It is concerned with the relationship between employer and employee. by the courts for the purposes of identifying the existence of a contract of employment. Thus, the basis for backwages would only be his management overrides and This may seem diametrically opposed to the way Manulife was run when you . Manulife then filed a Position Paper with Motion to Dismiss dated .. Under this test, an employer-employee relationship exists where the person. PDF | This paper aims to outline the importance of the employer-employee relationship and A relationship survey was designed for the study. .. jective, systematic process to describe, test re- affected in one way or another by the findings.
The relations between capital and labor are not merely contractual.
They are so impressed with public interest that labor contracts must yield to the common good. Therefore, such contracts are subject to the special laws on labor unions, collective bargaining, strikes and lockouts, closed shop, wages, working conditions, hours of labor and similar subjects.
In case of doubt, all labor legislation and all labor contracts shall be construed in favor of the safety and decent living for the laborer. Verily, the mandate of this Court is to ensure that the provisions of the Constitution are carried out. The Court has the responsibility to ensure that the rights of labor, as guaranteed by the Constitution, are actually enjoyed by the workers. Thus, in several cases, the Court has repeatedly resolved doubts as to the relationship between parties as that of employment, that which is most favorable to labor.
The Court, in a slew of cases, has consistently ruled that when there is doubt as to the law to be applied in a case with an allegation of an employer-employee relationship, labor laws and jurisprudence shall apply.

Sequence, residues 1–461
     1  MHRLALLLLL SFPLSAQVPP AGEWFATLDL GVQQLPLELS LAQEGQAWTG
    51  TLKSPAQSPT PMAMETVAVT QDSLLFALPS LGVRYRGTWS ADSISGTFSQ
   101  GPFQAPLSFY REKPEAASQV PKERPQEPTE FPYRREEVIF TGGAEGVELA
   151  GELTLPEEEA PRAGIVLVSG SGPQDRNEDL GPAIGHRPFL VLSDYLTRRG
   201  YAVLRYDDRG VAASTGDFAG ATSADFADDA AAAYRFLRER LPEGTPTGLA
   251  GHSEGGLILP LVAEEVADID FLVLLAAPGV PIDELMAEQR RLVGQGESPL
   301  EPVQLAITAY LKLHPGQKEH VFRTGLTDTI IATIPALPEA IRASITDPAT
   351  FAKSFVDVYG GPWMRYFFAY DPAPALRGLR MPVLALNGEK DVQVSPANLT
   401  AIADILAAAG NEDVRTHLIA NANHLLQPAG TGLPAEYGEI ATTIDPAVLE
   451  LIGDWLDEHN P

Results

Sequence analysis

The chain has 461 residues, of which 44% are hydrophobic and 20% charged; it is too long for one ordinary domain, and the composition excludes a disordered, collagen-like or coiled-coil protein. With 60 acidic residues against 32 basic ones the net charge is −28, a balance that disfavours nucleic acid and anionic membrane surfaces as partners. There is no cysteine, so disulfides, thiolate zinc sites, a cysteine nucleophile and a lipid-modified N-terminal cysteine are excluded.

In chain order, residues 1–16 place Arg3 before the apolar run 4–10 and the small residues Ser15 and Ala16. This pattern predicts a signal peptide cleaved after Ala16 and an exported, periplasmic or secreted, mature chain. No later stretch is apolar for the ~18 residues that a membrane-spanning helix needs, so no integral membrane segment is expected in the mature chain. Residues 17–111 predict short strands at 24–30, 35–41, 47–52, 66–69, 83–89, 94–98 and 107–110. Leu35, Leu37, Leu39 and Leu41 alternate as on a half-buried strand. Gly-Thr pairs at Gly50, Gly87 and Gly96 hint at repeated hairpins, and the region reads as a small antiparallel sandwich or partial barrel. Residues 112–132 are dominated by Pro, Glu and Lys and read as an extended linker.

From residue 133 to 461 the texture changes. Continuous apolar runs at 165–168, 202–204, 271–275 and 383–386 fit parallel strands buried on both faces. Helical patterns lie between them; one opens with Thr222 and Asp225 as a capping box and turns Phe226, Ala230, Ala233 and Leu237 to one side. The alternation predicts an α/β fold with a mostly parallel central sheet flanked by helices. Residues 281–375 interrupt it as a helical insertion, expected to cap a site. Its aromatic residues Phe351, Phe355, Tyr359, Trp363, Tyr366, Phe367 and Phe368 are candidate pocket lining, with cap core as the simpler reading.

In Social Security System v. Court of Appeals,  the Court was faced with the conflicting claims of the workers and the proprietor on the issue of whether an employer-employee relationship exists.
In the agreement, Carreon was referred to as a vendee of QTCs products.
Their relationship would therefore be covered by the Civil Code provisions on sales. The Court applied the jurisprudence in labor cases and used the four-fold test to determine the existence of an employer-employee relationship. The issue raised by the petitioner before this Court is the very same issue resolved by the Court of Appeals-that is, whether or not Romeo Carreon is an employee or an independent contractor under the contract aforequoted.
Corollary thereto the question as to whether or not the Mafinco case is applicable to this case was raised by the parties. The Court took cognizance of the fact that the question of whether or not an employer-employee relationship exists in a certain situation continues to bedevil the courts. Some businessmen with the aid of lawyers have tried to avoid the bringing about of an employer-employee relationship in some of their enterprises because that juridical relation spawns obligations connected with workmens compensation, social security, medicare, minimum wage, termination pay and unionism.
For this reason, in order to put the issue at rest, this Court has laid down in a formidable line of decisions the elements to be generally considered in determining the existence of an employer-employee relationship, as follows: The last which is the so-called control test is the most important element Brotherhood Labor Unity Movement of the Phils.